“Several feasibility studies are, therefore, needed to lay the basis for moving toward the REN scenario; these have not yet been carried out. There are many interventions that would be necessary to remove various barriers and to achieve higher levels of renewable energy deployment in India.”
Concentrated solar thermal technologies, many of which are currently still in the research and development phase, will take on a large chunk of the nations electricity needs as well as meeting thermal demand in industries that require temperatures below 700°C.
Wind is also set to push India towards its 100 percent goal. Currently India has no estimates of its offshore wind potential but the WWF predicts that it could have up to 170 GW installed by 2051.
Rural households will be forced to change their cooking habits, meeting their needs through improved cook stoves while urban households switch to electrical based cooking.
In 2010, fossil fuels accounted for 74 percent of India’s total energy consumed as well as being the world’s third largest emitter of carbon dioxide. India’s greenhouse gas emissions have also steadily risen by 2.9 percent each year between 1994 and 2007.
Much of the rural population still relies on biomass (such as firewood and agro-residue) for much of its basic cooking needs (around 24.6 percent of the primary energy supply) as well as using kerosene for lighting purposes.
Coal currently accounts for 42.4 percent of India’s total primary energy demand in 2010, with the national rail network being the largest coal consumer before 1975 – now overtaken by the power sector (87.7 per cent of total consumption).
Electricity alone plays a crucial role in improving levels of human development and the quality of modern life – with a strong positive link between human development, economic growth and growth in energy and infrastructure.
To sustain India’s own growth it requires large amounts of energy, with little oil reserves and much of its large coal reserves being inaccessible due to technological, social or geological factors, the country has many push factors to get its renewable base up and running. Due to the low oil reserves India has a high import dependence making it more economically vulnerable and well as supply issues.
India started its National Solar Mission in 2010 and is aiming to get 20 GW of grid connected solar power by 2020. As well as this, the Mission is promoting 2,000 MW of off-grid applications; including 20 million solar lighting systems and 20 million square metres of solar thermal collector area by 2022.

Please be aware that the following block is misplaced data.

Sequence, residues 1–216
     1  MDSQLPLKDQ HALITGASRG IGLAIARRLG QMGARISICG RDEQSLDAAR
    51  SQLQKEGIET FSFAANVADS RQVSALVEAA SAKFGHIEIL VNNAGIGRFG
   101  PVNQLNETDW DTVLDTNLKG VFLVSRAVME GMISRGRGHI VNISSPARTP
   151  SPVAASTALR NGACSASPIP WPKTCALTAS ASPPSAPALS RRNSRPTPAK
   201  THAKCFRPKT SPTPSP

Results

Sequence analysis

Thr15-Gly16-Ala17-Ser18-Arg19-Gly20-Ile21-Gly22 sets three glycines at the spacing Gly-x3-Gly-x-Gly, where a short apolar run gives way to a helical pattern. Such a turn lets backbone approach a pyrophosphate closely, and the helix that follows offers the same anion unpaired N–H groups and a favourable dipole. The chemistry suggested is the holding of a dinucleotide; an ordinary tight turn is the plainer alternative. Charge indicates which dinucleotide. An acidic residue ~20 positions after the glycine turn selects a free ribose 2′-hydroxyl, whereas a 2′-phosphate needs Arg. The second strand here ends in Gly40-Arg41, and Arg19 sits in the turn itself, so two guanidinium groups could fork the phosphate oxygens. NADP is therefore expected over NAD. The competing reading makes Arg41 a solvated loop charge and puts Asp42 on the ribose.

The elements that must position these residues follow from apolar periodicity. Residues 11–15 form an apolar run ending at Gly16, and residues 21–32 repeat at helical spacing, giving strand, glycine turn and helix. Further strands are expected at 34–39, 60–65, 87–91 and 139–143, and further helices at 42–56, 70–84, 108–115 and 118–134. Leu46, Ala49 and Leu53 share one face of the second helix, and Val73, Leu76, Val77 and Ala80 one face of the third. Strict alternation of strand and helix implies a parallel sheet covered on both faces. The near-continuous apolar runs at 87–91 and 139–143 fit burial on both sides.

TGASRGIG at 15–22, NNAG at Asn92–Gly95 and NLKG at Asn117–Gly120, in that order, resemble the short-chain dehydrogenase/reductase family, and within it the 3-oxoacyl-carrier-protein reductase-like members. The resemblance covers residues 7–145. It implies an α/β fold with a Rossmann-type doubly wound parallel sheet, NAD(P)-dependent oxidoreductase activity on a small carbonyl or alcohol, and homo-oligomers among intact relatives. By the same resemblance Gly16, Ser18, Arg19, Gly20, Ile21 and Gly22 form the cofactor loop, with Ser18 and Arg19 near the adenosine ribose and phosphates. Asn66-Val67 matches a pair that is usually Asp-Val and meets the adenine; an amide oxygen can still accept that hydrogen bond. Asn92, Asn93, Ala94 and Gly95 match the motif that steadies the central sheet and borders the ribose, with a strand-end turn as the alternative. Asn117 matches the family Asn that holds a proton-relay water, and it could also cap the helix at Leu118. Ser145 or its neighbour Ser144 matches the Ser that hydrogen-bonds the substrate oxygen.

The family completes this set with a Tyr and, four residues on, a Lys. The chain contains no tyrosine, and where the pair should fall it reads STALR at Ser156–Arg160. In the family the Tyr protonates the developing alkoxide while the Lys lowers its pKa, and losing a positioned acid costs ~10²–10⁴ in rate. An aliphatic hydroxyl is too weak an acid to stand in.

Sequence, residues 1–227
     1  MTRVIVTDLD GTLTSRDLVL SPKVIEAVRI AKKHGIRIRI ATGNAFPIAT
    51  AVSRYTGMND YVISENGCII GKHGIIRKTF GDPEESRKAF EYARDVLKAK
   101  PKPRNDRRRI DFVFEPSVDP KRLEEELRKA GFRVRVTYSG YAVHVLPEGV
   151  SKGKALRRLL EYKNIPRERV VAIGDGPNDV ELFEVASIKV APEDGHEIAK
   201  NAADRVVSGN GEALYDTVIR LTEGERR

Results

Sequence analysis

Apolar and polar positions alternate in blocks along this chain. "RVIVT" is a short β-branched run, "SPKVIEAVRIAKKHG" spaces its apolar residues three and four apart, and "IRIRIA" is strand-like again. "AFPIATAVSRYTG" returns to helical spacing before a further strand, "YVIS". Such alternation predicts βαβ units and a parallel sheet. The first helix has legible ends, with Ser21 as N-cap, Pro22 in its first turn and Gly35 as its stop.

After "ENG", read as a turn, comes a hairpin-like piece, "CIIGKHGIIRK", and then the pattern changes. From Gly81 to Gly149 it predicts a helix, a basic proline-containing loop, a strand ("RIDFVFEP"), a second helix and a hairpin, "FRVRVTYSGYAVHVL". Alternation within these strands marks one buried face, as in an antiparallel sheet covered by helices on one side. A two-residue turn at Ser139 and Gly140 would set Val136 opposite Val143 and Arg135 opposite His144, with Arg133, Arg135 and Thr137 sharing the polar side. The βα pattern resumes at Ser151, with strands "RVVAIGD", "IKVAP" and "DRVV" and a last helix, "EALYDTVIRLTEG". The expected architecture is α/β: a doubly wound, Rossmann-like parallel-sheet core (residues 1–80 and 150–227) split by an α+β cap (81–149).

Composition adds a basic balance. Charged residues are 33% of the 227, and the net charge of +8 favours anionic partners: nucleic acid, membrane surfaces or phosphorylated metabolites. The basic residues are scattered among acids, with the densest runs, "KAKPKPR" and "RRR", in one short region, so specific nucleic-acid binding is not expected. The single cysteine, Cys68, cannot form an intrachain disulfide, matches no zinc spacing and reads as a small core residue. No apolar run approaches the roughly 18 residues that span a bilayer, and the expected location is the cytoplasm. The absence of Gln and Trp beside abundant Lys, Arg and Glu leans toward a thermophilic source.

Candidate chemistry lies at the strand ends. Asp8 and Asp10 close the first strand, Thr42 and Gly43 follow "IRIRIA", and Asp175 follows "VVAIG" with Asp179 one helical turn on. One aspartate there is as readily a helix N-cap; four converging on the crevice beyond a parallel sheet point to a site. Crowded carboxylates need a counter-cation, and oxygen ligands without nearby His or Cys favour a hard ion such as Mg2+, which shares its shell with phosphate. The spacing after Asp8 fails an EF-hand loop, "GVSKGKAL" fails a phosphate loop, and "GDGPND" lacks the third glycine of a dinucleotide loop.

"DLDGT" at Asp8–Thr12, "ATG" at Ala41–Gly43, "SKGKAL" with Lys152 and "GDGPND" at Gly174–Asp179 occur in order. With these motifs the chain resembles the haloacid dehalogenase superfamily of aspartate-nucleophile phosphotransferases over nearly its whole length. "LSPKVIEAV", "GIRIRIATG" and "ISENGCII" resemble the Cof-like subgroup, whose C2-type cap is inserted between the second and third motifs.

In general, India has a vast potential for solar power generation, with about 58 percent of the country’s total land area receiving an annual global insolation about 5 kWh/m2/day. These areas with 5 kWh/m2/day or above can generate at least 77 W/m2 at 16 per cent efficiency.
Rooftop PV is likely to play a major role in both rural and urban areas with residential, agricultural and industrial priorities reducing the amount of available land for solar programs.
It was estimated that almost 30 percent of industrial processes in India require heat below 250°C which can be supplied with heat from solar thermal concentrators. Temperatures below 80°C can be met through solar air heaters and solar water heaters. Industries – with the exception of iron, steel, cement and fertilizer – could in theory shift to CSP based heating.
Wind energy in India currently ranks second to hydro in renewable energy’s generating electricity. With 17,700 MW of installed capacity India’s rank in harnessing wind energy is fifth in the world after USA, China, Germany and Spain. Over the period of 1992-2010 the wind energy installed capacity in India witnesses an annual growth rate of 37 percent.
According to the Centre for Wind Energy Technology, most of India’s wind energy is concentrated in five states – Tamil Nadu, Andhra Pradesh, Karnataka, Maharashtra and Gujarat.
The WWF estimates that India’s total wind potential in megawatts stands at 49,130 at 50 metres, when taken up to 80 metres the reading more than doubles at 102,788 MW.
Hydropower is also being considered, with estimates around 148GW of energy potential. Two rivers, Brahmaputra and Indus, have the highest potential, with only 11 and 50 per cent respectively being utilized thus far.
India’s first tidal power project, with a 3.75 MW capacity, is being set up as well as the Kapasar project which involves building a 30 km-long dam. A recent study cited in the report suggested that also tidal power generation is feasible in certain areas it may not be commercially viable due to diesel costs. Currently, The Government plans to build 7 MW of grid-connected ocean tidal power plans in its 12thfive-year plan.